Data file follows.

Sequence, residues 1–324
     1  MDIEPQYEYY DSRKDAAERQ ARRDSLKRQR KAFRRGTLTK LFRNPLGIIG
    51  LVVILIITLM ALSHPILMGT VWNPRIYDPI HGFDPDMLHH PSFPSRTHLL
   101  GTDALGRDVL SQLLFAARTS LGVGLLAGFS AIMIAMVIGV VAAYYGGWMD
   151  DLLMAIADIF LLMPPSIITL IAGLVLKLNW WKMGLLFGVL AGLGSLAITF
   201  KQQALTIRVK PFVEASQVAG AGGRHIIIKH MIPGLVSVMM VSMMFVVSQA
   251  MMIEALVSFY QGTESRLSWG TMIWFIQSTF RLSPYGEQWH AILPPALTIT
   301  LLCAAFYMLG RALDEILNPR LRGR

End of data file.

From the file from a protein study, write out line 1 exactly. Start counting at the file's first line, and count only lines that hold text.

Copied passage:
Sequence, residues 1–324